PGP, a pretty good new year's resolution.

First published: Linkedin on November 10, 2016

But why wait until then? No, really...

You may think that encryption is difficult or it is a hassle... and well, to be honest, it does take a bit of effort to get started.

But once it is a habit, you wonder how you ever went without it.

There are lots of encryption schemes and variations, but I want to talk to you about PGP. If you feel the desperate urge to be this guy/gal, then you are not my target audience and I do invite you to send me an email with the arguments that show me the errors of my ways. I will repent.

If, however you are an encryption virgin and do not want to be bothered with too many technical details, please read on, you are my target audience.

I chose PGP because it is libre open source and because there are many ways to integrate it in your workflow.

Why use PGP (email encryption)?

Well, I could write up a big story on governments spying on you and despot power and so on, but, whilst these things may be true, this is not the main reason you really should use encryption.

The following are, I think, quite compelling reasons to use encryption in their own right:

  • All email you send is stored at intermediate stations (your mail client, the outgoing mail server, some relay server, the receiving relay server, the receiving mail server, the receivers' mail client). That is a lot of places where copies of your messages are stored. If any of these places is compromised (hacked, a disgruntled employee works there or an employee with lousy ethics) then your messages are there for the world to see.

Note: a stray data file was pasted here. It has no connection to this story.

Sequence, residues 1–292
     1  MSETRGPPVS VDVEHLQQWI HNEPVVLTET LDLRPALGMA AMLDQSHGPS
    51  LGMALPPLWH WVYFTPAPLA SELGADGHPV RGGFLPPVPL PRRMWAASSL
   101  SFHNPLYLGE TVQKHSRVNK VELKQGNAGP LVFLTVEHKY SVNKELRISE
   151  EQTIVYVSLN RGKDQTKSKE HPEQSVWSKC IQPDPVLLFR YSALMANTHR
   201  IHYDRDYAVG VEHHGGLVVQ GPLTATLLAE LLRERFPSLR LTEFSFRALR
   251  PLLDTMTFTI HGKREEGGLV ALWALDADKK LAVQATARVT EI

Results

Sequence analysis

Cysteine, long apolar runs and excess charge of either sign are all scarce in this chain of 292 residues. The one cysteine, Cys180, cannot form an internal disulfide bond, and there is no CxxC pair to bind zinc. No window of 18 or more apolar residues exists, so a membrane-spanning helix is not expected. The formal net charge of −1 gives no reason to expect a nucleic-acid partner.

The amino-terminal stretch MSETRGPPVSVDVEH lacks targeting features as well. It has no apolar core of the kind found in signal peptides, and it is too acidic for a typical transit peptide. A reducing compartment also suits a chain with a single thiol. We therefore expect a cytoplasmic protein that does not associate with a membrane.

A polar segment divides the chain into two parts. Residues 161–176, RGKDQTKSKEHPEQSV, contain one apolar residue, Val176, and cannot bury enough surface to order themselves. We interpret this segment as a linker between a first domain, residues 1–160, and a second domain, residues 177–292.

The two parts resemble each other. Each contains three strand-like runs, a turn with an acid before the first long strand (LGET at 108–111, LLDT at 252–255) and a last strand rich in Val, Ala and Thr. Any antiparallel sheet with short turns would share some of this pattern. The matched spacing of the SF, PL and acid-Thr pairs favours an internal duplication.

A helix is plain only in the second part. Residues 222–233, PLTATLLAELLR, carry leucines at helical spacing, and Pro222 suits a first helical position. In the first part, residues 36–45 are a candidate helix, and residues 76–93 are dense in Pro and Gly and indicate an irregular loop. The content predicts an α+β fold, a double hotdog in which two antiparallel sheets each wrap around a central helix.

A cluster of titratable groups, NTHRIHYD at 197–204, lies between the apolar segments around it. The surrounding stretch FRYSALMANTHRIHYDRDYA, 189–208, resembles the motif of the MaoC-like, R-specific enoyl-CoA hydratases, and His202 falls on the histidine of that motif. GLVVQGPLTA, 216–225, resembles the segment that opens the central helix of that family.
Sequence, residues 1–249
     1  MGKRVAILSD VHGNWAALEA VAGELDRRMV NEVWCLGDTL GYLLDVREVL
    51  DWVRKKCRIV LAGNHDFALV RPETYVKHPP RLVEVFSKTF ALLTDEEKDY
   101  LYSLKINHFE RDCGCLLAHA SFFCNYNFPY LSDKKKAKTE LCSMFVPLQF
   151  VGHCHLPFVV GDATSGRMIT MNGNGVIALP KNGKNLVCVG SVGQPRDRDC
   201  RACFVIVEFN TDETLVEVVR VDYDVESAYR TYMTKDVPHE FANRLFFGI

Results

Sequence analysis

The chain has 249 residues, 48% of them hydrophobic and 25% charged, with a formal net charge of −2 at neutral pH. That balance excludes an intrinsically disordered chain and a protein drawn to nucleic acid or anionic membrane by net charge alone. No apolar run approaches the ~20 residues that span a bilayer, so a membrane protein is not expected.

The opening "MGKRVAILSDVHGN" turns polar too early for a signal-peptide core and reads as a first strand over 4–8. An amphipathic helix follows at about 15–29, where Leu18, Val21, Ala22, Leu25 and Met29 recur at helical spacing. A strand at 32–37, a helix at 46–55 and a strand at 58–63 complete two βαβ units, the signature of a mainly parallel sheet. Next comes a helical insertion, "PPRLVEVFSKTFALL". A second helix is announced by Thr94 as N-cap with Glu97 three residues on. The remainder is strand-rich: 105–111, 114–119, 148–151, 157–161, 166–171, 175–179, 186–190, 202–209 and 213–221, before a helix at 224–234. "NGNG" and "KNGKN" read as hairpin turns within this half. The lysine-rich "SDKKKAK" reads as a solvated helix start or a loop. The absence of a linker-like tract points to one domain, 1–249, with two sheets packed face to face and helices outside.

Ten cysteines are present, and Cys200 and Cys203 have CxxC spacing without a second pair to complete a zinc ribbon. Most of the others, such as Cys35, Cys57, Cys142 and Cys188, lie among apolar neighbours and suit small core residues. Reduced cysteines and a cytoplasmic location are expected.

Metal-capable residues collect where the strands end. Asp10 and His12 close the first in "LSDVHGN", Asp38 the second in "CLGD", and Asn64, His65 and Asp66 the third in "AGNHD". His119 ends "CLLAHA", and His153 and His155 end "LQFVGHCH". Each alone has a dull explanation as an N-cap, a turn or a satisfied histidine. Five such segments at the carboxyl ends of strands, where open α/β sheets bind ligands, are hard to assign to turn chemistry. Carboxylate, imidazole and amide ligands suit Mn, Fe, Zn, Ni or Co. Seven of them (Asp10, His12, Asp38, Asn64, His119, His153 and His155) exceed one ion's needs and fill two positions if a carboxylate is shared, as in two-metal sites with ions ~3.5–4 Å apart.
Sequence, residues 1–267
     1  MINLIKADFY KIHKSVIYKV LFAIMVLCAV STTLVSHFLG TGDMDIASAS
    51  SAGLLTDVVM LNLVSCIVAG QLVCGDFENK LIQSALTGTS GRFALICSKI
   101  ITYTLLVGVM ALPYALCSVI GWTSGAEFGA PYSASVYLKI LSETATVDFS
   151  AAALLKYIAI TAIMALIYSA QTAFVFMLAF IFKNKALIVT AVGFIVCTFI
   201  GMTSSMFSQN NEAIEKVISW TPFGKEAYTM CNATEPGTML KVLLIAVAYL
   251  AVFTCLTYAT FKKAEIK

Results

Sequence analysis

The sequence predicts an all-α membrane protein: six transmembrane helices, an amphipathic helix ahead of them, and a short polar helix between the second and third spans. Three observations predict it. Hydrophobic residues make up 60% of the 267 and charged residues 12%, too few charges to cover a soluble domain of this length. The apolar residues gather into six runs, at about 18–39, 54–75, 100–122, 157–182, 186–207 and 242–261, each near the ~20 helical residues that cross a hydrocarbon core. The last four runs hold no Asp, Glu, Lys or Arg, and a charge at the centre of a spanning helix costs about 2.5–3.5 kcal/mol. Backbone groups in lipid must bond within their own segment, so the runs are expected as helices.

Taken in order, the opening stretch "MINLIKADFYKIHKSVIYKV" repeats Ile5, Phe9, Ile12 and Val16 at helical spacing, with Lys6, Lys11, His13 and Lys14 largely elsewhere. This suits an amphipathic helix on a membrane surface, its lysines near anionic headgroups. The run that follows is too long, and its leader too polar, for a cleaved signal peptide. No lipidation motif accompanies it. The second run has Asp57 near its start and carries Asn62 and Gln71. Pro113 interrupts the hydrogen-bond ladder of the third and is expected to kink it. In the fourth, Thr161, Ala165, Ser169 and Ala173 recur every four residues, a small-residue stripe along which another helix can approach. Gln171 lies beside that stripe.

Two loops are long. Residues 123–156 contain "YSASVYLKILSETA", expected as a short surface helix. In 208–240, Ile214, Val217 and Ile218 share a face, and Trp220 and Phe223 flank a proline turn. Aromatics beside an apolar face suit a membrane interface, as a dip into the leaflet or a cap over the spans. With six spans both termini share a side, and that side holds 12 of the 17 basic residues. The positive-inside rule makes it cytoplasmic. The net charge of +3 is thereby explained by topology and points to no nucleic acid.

• Remembering passwords (especially if you have to change them every month because of corporate rules) is not everyone's favorite pass-time. So people tend to cut corners a bit and choose something simple, thinking 'Hey, how will they guess I used <somepassword> here? Nobody would be that daft!'. And then, in the highly unanticipated event of someone guessing that password, all the emails can be downloaded from the server and read (or wiki-leaked... you know).
  • You may want to save emails on a portable storage device (USB-Stick, your NAS, an SD-Card). And of course you will keep it safe and will not lose it. At least the first couple of weeks. Then the storage device becomes less and less important in your mind and... where did you put it?

So, yeah, just for those cases alone (I am not even talking about corporate espionage or blackmailing or the fact that you can verify your identity by signing messages) it would be a good idea to get into the encryption game.

To get started you can follow the instructions in this excellent Lifehacker article, or go directly to Enigmail for ThunderbirdGPGTools for Apple MailMailvelope if you want a webmail based solution (GMail,, Yahoo! Mail, GMX, etc.) or have a look at these email clients. For Zimbra there is a PGP Zimlet.

It really is not that hard and it will take you a bit of time only once, after that, make it a habit and you can really make a dent in all of this snooping and stealing business.